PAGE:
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Oppong coaches students to become top-notch researchers

Joseph Oppong with Jody Huddleston(Editor's Note: This is one of several articles about faculty mentors and how they contribute to the success of students.)

As an undergraduate, Jody Huddleston found something strange in the HIV research she was conducting for Joseph Oppong’s medical geography class.

When she took her questions to Oppong, above, professor of geography, he says he thought to himself, “This is someone to work with.”

His instincts were right. Huddleston, who was in the Honors College and was a McNair Scholar, found out she was seeing “late testers” -  individuals who had little time between their HIV diagnosis and the onset of AIDS. With Oppong’s help, she set up a project to map this specific group across the state, determining characteristics and areas with high rates of late testers.

Her work earned her a National Science Foundation Graduate Research Fellowship - $42,000 a year for three years -  which she is using as a doctoral student at UNT.

Huddleston, above left, began the work in Oppong’s class. By the time she received her bachelor’s degree, Huddleston gave oral presentations at three national conferences and was accepted into the doctoral program in environmental sciences.

For her dissertation, Huddleston wants to research a disease – such as the West Nile Virus - that has a definite relationship to the natural environment.

Oppong has been a key asset in guiding her toward her work. At weekly meetings, researchers present that week’s work and how it fits with their research.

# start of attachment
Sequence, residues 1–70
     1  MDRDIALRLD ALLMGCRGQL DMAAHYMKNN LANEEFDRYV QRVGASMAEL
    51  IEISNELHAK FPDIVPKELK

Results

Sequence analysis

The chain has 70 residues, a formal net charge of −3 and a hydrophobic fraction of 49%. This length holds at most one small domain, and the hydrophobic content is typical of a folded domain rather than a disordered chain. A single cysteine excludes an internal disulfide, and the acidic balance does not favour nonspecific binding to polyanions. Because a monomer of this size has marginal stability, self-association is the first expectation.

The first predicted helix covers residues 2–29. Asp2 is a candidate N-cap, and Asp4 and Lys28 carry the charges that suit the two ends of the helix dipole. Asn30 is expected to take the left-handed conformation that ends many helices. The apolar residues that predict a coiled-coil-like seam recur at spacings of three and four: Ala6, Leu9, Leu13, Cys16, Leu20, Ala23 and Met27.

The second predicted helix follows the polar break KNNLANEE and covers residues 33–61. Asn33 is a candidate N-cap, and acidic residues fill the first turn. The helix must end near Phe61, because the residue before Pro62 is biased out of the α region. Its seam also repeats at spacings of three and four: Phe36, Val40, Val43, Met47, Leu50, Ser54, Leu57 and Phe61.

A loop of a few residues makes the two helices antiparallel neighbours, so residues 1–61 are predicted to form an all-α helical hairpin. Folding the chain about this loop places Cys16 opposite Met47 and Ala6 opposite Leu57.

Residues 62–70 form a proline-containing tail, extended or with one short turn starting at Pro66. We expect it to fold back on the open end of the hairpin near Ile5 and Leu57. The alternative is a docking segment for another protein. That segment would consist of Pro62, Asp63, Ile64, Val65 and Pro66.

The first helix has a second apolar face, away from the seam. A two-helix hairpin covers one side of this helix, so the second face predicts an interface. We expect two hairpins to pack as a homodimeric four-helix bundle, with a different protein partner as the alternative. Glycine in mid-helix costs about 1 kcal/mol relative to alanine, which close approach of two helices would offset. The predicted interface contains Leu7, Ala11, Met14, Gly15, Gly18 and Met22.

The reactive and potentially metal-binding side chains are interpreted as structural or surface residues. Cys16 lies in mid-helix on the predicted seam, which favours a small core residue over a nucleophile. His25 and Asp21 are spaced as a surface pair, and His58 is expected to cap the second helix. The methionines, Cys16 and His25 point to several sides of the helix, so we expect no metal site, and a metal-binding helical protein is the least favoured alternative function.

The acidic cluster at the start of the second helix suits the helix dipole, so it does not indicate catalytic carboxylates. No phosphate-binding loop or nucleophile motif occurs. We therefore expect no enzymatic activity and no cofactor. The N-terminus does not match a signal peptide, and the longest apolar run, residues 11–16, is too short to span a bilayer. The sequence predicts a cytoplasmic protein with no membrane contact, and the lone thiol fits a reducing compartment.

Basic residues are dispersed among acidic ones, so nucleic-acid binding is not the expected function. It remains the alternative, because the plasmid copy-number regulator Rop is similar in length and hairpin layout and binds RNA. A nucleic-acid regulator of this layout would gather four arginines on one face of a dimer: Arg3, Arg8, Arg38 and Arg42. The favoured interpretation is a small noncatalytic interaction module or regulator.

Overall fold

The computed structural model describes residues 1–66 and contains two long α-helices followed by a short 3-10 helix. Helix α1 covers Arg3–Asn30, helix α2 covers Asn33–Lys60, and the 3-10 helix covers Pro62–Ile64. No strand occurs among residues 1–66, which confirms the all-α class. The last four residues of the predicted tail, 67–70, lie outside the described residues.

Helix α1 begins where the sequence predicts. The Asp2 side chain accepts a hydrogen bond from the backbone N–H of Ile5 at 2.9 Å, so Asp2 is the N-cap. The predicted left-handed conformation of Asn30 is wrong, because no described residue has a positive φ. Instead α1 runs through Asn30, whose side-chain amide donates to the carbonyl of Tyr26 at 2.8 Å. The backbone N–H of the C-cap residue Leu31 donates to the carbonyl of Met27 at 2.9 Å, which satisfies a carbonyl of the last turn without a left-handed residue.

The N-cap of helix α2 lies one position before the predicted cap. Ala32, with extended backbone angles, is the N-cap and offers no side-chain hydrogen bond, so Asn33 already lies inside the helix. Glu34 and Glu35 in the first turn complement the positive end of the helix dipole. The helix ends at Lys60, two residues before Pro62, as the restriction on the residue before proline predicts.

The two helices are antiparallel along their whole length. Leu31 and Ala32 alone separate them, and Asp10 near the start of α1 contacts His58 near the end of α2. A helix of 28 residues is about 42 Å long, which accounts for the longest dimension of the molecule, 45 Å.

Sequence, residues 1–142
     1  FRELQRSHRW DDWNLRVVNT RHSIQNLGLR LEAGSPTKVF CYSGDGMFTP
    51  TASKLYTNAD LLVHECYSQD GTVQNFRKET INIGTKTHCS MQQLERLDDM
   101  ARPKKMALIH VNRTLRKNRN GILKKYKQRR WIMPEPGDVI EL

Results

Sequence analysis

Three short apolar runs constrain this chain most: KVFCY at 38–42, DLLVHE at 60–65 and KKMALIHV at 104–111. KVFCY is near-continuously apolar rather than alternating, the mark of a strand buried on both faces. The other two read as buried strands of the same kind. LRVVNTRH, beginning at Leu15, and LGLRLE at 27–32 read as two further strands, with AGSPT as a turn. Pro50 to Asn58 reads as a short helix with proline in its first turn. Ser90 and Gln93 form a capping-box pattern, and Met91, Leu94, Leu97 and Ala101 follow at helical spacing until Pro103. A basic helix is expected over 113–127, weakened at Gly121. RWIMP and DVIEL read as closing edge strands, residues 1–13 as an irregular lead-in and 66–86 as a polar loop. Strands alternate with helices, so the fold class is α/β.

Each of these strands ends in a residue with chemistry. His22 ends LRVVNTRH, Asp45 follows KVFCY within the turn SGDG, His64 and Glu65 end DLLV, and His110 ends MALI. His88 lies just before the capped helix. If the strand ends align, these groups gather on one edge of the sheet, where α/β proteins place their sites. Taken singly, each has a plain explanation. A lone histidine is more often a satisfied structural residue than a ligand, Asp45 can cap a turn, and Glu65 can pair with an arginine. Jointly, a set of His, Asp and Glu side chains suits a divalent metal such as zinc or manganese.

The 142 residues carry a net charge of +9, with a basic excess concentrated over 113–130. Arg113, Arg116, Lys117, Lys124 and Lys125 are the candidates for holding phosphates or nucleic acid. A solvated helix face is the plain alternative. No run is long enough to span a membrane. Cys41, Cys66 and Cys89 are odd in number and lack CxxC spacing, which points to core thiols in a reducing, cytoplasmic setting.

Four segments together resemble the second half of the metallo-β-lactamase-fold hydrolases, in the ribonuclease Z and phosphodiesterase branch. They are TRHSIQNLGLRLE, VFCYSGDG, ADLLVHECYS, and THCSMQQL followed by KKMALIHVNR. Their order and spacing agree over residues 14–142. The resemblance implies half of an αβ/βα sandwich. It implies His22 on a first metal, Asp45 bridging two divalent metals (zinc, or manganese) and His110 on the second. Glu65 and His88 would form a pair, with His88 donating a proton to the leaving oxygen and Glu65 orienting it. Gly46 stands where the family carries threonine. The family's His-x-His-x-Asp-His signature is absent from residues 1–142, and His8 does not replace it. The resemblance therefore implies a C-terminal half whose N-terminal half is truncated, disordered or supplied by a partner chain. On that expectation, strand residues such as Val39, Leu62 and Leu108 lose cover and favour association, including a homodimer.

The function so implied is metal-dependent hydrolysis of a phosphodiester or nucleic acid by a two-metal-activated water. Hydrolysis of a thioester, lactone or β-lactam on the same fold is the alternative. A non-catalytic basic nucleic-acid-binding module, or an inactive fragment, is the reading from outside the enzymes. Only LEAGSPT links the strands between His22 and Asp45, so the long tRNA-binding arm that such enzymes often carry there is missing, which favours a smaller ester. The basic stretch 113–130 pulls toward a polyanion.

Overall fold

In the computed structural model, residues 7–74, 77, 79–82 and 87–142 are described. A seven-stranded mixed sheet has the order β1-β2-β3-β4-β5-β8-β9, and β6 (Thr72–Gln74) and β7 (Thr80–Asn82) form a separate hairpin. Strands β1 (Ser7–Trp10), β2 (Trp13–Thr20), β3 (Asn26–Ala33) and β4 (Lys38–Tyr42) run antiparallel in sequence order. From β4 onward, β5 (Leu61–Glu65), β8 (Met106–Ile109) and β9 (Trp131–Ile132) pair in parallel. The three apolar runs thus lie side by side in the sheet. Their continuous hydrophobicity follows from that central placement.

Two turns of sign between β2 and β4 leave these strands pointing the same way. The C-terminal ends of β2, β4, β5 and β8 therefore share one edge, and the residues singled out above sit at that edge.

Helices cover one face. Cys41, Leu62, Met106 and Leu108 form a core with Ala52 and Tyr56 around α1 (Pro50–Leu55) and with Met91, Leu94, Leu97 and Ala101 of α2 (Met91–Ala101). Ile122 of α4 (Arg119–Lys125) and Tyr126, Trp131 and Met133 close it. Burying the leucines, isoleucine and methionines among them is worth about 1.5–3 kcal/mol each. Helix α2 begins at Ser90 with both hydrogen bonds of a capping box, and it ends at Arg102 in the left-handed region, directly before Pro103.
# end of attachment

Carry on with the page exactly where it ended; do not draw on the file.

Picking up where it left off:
“Through the process of making you answer this question, he is usually able to tease out of you what it is he wants you to understand about how this fits in with your research,” Huddleston said.

Oppong said he enjoys watching students defend their research. For example, he saw senior history major, Jonathan Rodriguez, defend his research at the Association of American Geographers in February in New York City. Rodriguez was questioned by an author whose book on geographic information systems and public health he had cited.

“It was fun to watch a student be challenged and defend himself,” Oppong says. “He was ready.”

Huddleston appreciates the help she received from Oppong because he pushed her to succeed.

“You want someone who is involved with what you are doing and is helping you set goals and meet them,” she says.

And Oppong makes sure they have some fun as well. He hosts a graduate appreciation lunch for his students at Bruce Hall and potluck dinners at his house. They become a family, and it’s even more satisfying when that family member wins an award.

“It’s like being a parent,” Oppong says. “And your child has accomplished something great.”

-         Jessica DeLeón, University Relations, Communications and Marketing

(Photo by Gary Payne)

Posted on: Tue 10 July 2012

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